Date of Award


Document Type


Degree Name

Master of Science (MS)


College of Science and Mathematics



Thesis Sponsor/Dissertation Chair/Project Chair

Lee H. Lee

Committee Member

Sandra Adams

Committee Member

Ann Marie DiLorenzo


In recent years, a growing concern in the medical field has been the ability to treat infectious diseases. The microorganisms that cause these diseases have developed invasive mechanisms that elude possible treatments and increase their virulence. Some virulent factors that have been observed in microorganisms are biofilm and endospore formation. Development of new antimicrobial agents are needed to combat these microorganisms.

Green tea from the leaves of Camellia sinensis, has many health benefits, such as anti-bacterial, anti-spore, anti-cariogenic and anti-viral properties. Epigallocatechin-3- gallate (EGCG) is the most abundant catechin and contributes to these effects. Due to the instability of EGCG, a modified stable lipophilic based molecule Epigallocatechin Gallate- Stearate (EGCG-S) was used to determine the effectiveness as an antimicrobial agent on eight gram-positive bacteria, seven gram-negative bacteria, one acid-fast bacterium, one fungus. Colony forming unit (CFU) was used to determine the growth. LIVE/DEAD® BaclightTM Kit was used to observe the viability of the cells; Congo red assay was used to study the biofilm formation and Rapid Agar Plate Assay (RAPA) was used to study the application of EGCG-S as an antimicrobial agent. The results indicated that the minimum inhibitory concentration (MIC) for most bacteria is 250μg/mL of EGCG-S within 2 hours, except K. pneumoniae and M. smegmatis. MIC for biofilm formation is 500μg/ml EGCGS for most bacteria. One percent (1%) and 5% sucrose concentrations can reduce the inhibitory effect of EGCG-S. Formulated prototype, ProtecTeaV is effective in treating C. albicans and three endospore forming Bacillus spp. Percentage of inhibition was above 95.97 within 60 seconds. This study suggested that EGCG-S can be a good potential antimicrobial agent.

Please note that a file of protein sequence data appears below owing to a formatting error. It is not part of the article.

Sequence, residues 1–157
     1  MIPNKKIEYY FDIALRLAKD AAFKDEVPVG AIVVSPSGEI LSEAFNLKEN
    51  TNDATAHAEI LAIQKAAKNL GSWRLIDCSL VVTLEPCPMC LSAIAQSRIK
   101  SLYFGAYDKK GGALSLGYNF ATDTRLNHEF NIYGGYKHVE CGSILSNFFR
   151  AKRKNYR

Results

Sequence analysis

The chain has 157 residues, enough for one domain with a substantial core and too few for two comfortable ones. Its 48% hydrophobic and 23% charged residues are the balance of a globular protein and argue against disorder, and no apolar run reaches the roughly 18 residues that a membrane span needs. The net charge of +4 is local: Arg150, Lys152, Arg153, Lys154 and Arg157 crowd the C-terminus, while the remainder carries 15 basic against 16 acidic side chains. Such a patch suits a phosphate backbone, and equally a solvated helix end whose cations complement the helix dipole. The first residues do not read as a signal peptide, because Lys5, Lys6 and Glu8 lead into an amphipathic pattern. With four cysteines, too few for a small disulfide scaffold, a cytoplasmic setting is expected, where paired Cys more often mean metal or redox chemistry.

Included in

Biology Commons